Benefits Of A Secular Christmas

09/12/2016 11:28 GMT | Updated 10/12/2017 10:12 GMT
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Though late December and, in particular, the 25th has been celebrated for centuries by many different peoples and cultures, some now disappeared. The Christmas tree, for example, has a pagan, not Christian origin. Though, the day is now known as a Christian holiday where Christians all over the world celebrate the birth of Christ (though, the Bible does not provide this date). However, it has become an issue of some debate that the "Christian message" of the day, (ie, the reason for the season) has been forgotten through a secular celebration of it and gift giving. Right wing commentators often lament this "war on Christmas" as an almost apocalyptic sign of the end of long established traditions. Some even go so far to say that it has threatened the family structure (whatever that is) but the loss of the Christian heritage of the celebration, I think, is a good thing.

The most significant, most beautiful thing that happened on Christmas Day did not occur in a manger 2016 years ago in the Roman province of Judea, modern day Palestine, but in 1914 in Flanders. German, French, and British soldiers broke out of their filthy, rat-infested trenches and met each other in the field, gifts were exchanged, songs were sung, even football was played. The Christmas truce of 1914 has been duly mythologised, even though the historiography of the event is somewhat debated.

Though it is likely that all men in that field were of a Christian heritage (though not necessarily all of them), Christmas day brought them together for a brief moment of humanity before a return to the slaughter.

A similar spirit of ordinary human goodness is equally expressed at the reuniting of families and loved ones, the over-worked individual taking extra time to relax, in the notable increase in charity donations during the Christmas period. Even the casual greeting of "Merry Christmas" to a passing stranger all adds to the unique sense of peace, companionship and goodwill that is emblematic of the period. Perhaps having these values, these small acts limited to merely the members of a particular religion seems counterproductive, even un-Christian.

This secular form of Christmas is perhaps why in America this period is known as "The Holiday Season". People exchange "Happy Holidays" greetings just as much as "Merry Christmas". This is interesting as it allows the message to be spread to people of all religions who may celebrate late December but this is less common here in the UK.

However, this spirit of goodwill and kindness is distinct from the rampant consumerism that is prevalent and outright promoted this time of the year. The most obvious, example is the import of "Black Friday" sales (where only the strongest survive) , and a sense of love and excitement for adverts such as John Lewis (a trampoline similar to the one in the advert from John Lewis costs £179.99). Such consumerism is the bane of poor families. When I was a child, my mother, who was a talented saxophonist sold her instrument to provide me and my brother with a good Christmas. Such sacrifices are likely to be extremely common, some families may even go into debt simply to pay for gift buying. This consumerism which is sold to children first and foremost has become accepted. This can be said to be an insidious mutation of the beautiful tradition of gift-giving designed to wholly benefit corporations, more than those receiving the gifts.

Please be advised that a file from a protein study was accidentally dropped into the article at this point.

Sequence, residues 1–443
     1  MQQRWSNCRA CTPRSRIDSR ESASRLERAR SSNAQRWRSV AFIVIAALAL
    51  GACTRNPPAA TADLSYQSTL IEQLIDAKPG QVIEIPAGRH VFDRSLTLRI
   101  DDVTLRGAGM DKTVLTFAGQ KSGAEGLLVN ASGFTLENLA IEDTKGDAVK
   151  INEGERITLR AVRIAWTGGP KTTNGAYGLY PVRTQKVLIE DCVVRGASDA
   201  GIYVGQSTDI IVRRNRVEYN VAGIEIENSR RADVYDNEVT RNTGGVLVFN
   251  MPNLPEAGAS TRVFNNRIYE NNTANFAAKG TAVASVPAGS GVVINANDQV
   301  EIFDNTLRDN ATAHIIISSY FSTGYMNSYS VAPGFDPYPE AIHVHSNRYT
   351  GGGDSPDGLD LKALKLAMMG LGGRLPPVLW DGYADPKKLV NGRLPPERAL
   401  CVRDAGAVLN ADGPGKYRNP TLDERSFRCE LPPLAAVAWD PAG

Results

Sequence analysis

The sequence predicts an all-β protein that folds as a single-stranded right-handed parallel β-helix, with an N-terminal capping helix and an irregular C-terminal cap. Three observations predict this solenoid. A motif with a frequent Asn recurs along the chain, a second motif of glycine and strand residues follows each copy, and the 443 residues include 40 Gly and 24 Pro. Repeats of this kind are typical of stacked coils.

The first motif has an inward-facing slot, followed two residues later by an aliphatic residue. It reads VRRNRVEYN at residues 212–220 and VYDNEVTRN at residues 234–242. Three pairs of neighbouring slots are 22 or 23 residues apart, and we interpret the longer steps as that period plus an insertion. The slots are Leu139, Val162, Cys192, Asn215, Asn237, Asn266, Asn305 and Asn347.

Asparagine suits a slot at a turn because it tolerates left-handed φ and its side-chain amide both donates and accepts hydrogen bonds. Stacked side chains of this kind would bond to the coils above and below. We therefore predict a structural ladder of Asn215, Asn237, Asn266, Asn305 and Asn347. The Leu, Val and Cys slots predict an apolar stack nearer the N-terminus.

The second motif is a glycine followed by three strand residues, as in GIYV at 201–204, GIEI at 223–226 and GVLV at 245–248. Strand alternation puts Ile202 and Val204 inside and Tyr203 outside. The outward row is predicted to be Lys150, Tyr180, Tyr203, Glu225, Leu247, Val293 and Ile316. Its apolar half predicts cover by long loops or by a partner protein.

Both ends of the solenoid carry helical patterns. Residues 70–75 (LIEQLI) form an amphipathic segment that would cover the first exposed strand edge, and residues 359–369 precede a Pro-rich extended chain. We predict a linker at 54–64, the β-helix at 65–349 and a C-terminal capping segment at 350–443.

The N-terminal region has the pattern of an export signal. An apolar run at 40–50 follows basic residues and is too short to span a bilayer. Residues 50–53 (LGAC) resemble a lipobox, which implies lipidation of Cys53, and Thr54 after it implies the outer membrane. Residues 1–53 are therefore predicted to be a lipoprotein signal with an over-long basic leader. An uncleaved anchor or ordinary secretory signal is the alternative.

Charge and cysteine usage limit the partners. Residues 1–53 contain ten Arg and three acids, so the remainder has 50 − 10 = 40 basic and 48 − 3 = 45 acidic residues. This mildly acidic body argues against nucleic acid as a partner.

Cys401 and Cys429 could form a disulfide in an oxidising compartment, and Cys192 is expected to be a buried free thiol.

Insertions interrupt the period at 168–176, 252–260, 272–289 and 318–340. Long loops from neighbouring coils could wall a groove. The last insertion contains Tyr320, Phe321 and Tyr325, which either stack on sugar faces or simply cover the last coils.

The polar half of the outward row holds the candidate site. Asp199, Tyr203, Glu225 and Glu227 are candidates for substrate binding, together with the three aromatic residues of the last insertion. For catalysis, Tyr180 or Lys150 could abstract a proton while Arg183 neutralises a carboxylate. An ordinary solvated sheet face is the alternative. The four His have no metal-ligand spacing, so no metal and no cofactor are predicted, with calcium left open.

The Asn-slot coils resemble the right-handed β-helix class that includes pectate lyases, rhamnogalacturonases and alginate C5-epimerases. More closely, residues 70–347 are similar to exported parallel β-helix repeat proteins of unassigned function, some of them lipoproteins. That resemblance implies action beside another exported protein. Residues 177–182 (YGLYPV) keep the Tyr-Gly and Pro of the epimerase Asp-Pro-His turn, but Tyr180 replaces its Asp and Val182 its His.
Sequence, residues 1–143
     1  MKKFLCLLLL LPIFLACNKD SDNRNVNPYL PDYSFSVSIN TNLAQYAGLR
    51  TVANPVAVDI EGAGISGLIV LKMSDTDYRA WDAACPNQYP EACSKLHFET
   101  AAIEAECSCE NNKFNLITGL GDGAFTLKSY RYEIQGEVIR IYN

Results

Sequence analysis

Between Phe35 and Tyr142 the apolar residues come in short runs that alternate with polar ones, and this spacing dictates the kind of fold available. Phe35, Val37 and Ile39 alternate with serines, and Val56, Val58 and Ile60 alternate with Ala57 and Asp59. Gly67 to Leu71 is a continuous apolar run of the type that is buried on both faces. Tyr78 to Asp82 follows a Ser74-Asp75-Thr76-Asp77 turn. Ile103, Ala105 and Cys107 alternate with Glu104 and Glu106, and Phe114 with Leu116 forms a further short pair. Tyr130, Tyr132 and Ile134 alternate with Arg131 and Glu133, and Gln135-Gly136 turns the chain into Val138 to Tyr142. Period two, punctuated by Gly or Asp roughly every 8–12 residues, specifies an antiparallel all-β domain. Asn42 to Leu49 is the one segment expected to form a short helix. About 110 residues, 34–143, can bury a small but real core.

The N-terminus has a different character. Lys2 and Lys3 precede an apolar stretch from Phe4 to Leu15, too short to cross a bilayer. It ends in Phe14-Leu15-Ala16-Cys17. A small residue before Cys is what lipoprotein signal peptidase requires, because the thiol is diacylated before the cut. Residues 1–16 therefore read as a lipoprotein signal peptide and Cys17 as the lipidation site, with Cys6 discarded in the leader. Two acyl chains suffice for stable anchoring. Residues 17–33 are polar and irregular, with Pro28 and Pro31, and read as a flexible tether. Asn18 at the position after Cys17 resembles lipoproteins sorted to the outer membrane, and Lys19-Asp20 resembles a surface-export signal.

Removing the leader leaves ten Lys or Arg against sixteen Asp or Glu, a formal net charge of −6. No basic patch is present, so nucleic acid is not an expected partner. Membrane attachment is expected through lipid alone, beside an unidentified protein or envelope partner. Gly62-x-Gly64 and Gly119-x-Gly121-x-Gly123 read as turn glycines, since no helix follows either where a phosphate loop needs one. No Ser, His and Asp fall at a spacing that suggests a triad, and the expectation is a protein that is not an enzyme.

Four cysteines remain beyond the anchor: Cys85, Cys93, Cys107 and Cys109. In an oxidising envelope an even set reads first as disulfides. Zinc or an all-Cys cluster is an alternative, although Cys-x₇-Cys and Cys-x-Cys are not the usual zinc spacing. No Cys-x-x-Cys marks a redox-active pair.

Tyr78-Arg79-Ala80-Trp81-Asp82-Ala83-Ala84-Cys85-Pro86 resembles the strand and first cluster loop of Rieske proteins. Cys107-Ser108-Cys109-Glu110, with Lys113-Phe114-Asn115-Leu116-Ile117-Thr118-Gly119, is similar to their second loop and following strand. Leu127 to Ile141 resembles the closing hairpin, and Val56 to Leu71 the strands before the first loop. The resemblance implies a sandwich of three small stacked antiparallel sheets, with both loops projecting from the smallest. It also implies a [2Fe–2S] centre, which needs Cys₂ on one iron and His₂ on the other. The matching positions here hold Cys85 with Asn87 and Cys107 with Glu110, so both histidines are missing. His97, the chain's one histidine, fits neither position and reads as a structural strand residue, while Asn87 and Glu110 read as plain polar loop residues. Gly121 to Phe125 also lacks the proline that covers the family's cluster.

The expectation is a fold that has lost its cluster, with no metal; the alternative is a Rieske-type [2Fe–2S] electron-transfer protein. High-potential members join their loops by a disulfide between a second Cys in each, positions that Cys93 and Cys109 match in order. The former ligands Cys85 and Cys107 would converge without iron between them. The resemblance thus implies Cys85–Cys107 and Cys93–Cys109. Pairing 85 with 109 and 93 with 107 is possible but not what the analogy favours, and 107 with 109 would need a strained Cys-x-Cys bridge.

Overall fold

I don't believe that the increasing secularism of Christmas is the cause of this, merely it is the product of a form of exploitation of the present-buying tradition, though there is an increasing demand for home and handmade goods. Perhaps people have lost their appetite for high street mass produced items and instead seek a degree of individuality behind their gift giving. As such it seems traditions surrounding Christmas are in flux.

It is an annual source of complaint that people's views of Christmas (which admittedly may very well differ from person to person or family to family) are changing; old traditions are changing or dying out. It is for some quite fearsome but, as with all change, why not embrace it?

Note: What is beautiful about this season is that although I've focused on Christmas for this piece, December 24th this year sees the start of Hannukah, the 26th Kwanzaa. It is a period of celebration for many different groups. Christmas does indeed get the greater share of focus, and I have focused on it primarily due to my background, my grandfather was an Anglican Vicar and my primary school was Church of England, so I can't help but associate this period with the Christian church which is my own failing.